- display a basic understanding of how evidence is gathered, presented, argued over and ultimately admitted or excluded from the American Oral (Jury) Trial;
- identify the proper rule(s) of evidence, common law rules, constitutional provisions and applicable caselaw relevant to the resolution of a particular problem;
- effectively advocate, orally or in writing, the solution to the problem from the perspective of the party whom you represent (prosecution or defense in a criminal case, plaintiff or defendant in a civil action) or the role that you are otherwise instructed to play (few of us will ever be judges);
- follow the structure of analysis that I will spend the entire semester developing and teaching;
- know what a motion in limine is, and have completed one using the fact-pattern from last-year's exam;
- write an essay answer to my examination explaining a given result to an evidence problem using the proper structure, applicable rules and in appropriate detail;
- be able to conduct basic research in the field of evidence;
- understand changes in the rules and applicable caselaw as those develop throughout your careers, initially by studying the rules of the state where you will seek admission to the bar and identifying how they are similar to or different from the Federal Rules of Evidence;
- be prepared to use these skills in your future practice.
The required class materials are: (1) Christopher B. Mueller, Laird C. Kirkpatrick and Liesa L. Richter, EVIDENCE UNDER THE RULES (9th. ed., Aspen Law & Business 2019; ISBN: 978-1-5438-0544-4; (2) Mueller, Kirkpatrick & Richter, 2020: Federal Rules of Evidence: With Advisory Committee Notes and Legislative History (Aspen Law & Business 2020; ISBN: 978-1543820423).
- I have adopted the latest 9th Edition of Mueller, Kirkpatrick and Richter's textbook and their updated rules supplement for the Fall of 2020.
- DO NOT PURCHASE A USED SUPPLEMENT: The Rules Supplement is the 2020 edition, newly-issued in the summer of 2020. You are allowed to annotate the supplement with your own outline and no other supplement will be allowed in the examination room. You must purchase a print version of the supplement if you want to use it in the exam. Electronic copies will not be allowed.
- Open-Rules: If the College of Law again opts for online-only examinations, the exam will be open book. However, if we are able to have in-room exams, we will follow the Open-Rules system. “Open-Rules” means that you may have with you during the examination your required 2020 Mueller, Kirkpatrick & Richter, Federal Rules of Evidence supplement. No substitutions will be allowed. Your supplements may be annotated with handwritten notes, but shall not have any attachments other than tabs to mark the location of specific material (the tabs may have on them numbers and the short titles of the referenced material and nothing more). Only handwriting may cover the blank spaces and the original printing on the supplements. The use of stick-on labels or paper, white-out or any other method to eliminate any of the original printing is prohibited. Other than the addition of handwritten notes and tabs, the supplements shall be in their original condition, no material may be added nor may any material be removed in any way. The supplements must be in their original bound form at the start of and throughout the examination. Violations of the University Student Code of Conduct, the College of Law Honor Code or of the exam rules should be reported to me before or during the examination. Violation of these rules shall result in a failing grade and in my referring the matter to the pertinent university or college authorities.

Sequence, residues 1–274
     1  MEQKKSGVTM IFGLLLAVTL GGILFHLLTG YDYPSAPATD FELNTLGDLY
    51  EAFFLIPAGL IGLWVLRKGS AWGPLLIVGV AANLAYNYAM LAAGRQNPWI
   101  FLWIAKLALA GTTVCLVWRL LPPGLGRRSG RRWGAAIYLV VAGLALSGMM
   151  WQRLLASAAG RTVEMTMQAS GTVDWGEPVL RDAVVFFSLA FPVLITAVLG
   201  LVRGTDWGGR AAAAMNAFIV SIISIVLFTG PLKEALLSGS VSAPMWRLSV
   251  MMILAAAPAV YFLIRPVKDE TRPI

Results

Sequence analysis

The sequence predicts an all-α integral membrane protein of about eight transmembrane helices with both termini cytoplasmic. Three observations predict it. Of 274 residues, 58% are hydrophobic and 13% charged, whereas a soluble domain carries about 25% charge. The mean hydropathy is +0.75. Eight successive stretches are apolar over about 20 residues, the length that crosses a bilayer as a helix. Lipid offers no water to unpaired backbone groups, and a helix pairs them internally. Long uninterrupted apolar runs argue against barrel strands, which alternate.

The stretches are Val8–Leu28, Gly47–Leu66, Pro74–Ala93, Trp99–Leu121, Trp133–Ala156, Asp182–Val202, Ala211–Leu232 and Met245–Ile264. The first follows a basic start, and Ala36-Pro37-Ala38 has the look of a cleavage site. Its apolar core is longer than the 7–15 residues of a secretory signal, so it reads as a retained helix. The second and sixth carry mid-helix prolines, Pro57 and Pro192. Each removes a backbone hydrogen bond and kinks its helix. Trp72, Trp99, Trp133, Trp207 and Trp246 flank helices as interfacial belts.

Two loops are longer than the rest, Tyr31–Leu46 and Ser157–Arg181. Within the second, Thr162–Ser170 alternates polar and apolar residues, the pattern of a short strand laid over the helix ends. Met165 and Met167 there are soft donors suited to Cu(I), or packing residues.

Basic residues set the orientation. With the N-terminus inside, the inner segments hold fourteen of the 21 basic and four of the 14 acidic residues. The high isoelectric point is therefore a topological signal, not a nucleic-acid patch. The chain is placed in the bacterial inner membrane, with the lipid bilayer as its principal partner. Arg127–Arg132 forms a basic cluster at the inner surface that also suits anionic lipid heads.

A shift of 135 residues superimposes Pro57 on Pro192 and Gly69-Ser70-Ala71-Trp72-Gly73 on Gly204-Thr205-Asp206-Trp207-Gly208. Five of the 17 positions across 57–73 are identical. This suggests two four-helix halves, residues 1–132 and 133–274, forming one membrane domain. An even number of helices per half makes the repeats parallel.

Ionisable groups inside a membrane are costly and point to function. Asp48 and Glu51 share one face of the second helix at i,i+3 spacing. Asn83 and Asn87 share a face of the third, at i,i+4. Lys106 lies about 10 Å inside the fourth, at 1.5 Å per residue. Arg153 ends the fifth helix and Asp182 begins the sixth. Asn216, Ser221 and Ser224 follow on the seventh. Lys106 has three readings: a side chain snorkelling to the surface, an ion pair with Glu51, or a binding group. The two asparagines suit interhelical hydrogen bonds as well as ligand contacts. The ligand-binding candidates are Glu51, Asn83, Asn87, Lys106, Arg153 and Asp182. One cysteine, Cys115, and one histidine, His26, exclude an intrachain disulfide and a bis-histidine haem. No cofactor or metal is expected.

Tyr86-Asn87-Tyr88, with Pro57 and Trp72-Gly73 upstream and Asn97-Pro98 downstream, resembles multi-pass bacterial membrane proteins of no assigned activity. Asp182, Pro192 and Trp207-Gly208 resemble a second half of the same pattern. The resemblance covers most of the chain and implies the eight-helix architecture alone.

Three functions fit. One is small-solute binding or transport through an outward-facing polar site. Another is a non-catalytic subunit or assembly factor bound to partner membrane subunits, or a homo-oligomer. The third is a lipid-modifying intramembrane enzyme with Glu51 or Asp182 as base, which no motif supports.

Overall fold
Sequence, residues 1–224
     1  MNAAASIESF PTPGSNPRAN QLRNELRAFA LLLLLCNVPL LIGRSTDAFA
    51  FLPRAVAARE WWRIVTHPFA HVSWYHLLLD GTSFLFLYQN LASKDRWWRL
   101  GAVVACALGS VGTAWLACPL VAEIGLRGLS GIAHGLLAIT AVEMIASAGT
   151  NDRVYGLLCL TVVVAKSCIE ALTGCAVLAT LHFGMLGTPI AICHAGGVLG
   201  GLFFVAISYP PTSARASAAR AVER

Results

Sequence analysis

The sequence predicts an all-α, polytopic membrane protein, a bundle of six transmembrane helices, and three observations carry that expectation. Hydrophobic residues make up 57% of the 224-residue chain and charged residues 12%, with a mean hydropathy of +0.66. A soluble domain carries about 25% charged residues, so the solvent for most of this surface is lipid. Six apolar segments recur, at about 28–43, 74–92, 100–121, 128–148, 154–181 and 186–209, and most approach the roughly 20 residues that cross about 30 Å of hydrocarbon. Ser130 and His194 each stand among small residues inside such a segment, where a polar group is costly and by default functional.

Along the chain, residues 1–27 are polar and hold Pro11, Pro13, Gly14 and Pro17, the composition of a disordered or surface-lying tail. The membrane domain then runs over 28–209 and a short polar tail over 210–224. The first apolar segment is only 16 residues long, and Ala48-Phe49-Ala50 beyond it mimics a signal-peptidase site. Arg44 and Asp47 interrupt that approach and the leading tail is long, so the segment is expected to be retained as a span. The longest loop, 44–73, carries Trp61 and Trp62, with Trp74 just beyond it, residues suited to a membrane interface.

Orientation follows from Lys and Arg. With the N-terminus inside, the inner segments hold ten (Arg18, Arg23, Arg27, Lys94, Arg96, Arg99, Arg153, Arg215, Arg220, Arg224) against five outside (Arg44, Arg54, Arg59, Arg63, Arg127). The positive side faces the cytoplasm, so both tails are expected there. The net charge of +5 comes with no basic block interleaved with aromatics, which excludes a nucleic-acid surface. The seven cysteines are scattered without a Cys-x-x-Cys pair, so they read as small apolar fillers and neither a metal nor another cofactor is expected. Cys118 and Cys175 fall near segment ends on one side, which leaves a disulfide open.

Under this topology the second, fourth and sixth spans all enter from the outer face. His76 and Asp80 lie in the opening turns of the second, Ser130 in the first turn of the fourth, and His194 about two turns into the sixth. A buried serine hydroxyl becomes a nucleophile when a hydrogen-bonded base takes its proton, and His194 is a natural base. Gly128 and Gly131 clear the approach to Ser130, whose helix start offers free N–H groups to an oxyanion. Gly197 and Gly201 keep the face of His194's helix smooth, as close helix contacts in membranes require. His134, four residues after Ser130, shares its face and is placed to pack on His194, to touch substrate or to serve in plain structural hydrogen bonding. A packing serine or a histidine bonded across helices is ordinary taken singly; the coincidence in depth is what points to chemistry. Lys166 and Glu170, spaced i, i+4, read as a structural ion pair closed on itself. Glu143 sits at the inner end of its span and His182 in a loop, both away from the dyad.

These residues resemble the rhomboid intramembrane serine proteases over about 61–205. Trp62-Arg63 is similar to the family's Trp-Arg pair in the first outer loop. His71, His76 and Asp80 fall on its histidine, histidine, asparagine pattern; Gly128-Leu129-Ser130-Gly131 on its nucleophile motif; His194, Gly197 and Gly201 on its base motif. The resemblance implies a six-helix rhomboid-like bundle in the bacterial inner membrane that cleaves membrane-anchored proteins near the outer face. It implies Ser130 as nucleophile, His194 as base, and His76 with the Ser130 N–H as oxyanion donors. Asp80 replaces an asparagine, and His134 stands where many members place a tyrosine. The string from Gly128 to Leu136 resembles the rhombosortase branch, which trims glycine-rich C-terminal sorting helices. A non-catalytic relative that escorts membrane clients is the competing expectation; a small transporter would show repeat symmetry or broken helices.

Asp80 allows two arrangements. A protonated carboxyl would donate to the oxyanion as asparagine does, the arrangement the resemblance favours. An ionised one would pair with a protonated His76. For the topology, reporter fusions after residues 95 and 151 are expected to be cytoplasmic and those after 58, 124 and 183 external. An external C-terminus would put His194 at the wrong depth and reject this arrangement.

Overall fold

Course Schedule and Assignments. I will post assignment with specific assignments in the Assignments & Notes page on the course website. If the servers should become unavailable, which is unlikely given that I have just moved to the new university web hosting platform, I will use the course canvas page. I will attempt to structure assignments by class session. Students, especially those who sign-up for a particular class, should check with me to make sure what material will be covered. Students must read the assigned pages in the text as well as the pertinent Federal Rules of Evidence in your Supplement. The Notes and Comments in the Rules are extremely helpful and should likewise be included in your reading.
- 5% Pass Fail Syllabus Quiz. 5% of your testing grade will require you to complete the Syllabus Quiz that will be posted in the course Canvas page. You will have to post a perfect score by the given deadline. Prior to the deadline, you will be able to take the quiz multiple times until you reach the perfect score.
- 5% Pass Fail Hearsay Quiz, Part I. I will post three hearsay quizzes. The first will count 5% of your testing score. In order to pass, you must post a complete score. The actual score does not matter, you simply have to complete the quiz once. The other quizzes will be available simply for self-assessment and will be strictly voluntary.
- 10% Pass Fail Practical Project. You will have to complete a practical project that will consist of drafting a motion in limine based on a fact pattern that I will design. This project will be assigned during the second half of the semester and will account for 10% of your testing score and it will be graded on a pass/fail basis.
- 80% Graded Exam. If pandemic conditions allow it, the remaining 80% of your testing score will be a points-graded, open-rule, proctored, written, in-room final exam will be given on the date set by the administration.